Taking time off for recovery is anything but unproductive. People who have never had to do a sizable amount of therapeutic work to better their lives mistake this time for a “vacation”. Luxurious amenities and treatments can be involved in one’s recovery plan. That doesn’t mean the work of recovery for any combination of diagnoses is easy. Recovery takes work and is hard work for the first six months to a year. Maintaining recovery takes work for a lifetime. During the course of one’s treatment they gain valuable lessons and tools for how to live in recovery, which apply to every area of their life, including getting back to work.
Productivity during treatment looks significantly different than productivity when returning to work. Though you may have assignments or “homework” as well as a schedule to follow, your income and subsequent livelihood are not dictated by your productivity. Before treatment, the symptoms of your diagnoses got in the way of your ability to be productive at work. Through a carefully curated treatment plan, the guidance of a case manager, and the accountability of monitoring services, you make a valiant return to work, ready to be productive.
Show Up On Time
Timeliness is accountability and the better way to start a work day. Chronic lateness tends not to go unnoticed by employers and eventually leads to some kind of consequence. Arriving to work on time sets the day up for success with no extra time behind schedule.
Schedule Recovery Time
Getting back to work quickly escalates to being in work mode more often than recovery mode. Professionals of a variety of industries find themselves needing recovery but also needing to be at work. Finding balance between work and recovery is essential for managing stress, a common trigger for relapse. Schedule time for meditation, mindfulness practices, and checking with a case manager, therapeutic recovery coach or therapeutic recovery companion, are important daily practices. Though it seems like these suggestions would take time away from work, they actually increase productivity. The more you are meeting your recovery needs, the more apt you will be to meet the needs of your employer.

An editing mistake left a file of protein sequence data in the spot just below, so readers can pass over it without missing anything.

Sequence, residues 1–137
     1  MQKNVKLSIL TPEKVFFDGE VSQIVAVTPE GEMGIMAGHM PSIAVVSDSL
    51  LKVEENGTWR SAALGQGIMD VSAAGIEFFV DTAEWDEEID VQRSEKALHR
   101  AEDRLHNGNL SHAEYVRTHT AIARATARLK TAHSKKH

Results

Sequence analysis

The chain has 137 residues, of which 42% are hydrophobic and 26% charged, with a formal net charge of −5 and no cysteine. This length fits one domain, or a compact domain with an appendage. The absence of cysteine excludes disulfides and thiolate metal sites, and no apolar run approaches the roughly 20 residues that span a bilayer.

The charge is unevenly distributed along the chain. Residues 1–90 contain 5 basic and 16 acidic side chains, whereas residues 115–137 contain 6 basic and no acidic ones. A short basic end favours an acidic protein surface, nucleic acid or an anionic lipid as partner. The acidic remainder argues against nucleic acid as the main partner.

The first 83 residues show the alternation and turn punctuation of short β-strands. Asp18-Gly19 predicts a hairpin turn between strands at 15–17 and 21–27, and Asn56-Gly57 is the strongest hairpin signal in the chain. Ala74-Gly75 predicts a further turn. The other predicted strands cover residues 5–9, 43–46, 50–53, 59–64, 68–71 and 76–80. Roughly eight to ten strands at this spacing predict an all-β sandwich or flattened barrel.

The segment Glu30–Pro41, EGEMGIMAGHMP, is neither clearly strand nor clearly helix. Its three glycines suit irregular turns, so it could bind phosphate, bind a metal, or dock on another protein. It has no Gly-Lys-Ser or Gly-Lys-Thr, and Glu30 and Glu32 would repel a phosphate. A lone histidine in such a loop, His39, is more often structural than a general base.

There are times to focus on recovery and times to focus strictly on work. Entire sectors of research are dedicated to finding the best practices for productivity. The brain is not meant to multitask. Rather than be productive, it exhausts the brain overtime. Cut distractions by setting blocks of time specifically for focusing on tasks needed to be done.
Meditation is proven to improve brain functions like memory, clarity, focus, and attention. To gain the benefits of meditation, you need no more than 5 minutes a day of practice. Meditation is also proven to reduce symptoms of stress, cravings, depression, anxiety, and more. With a clear mind, you’ll be your most productive and recovering self.
Let the O’Connor Professional Group take the guesswork out of putting a treatment plan together. Our combined personal and professional experience empowers us to empower you with a private consultation and customized plan of action for getting the help you need. Contact us today for information: 617 910-3940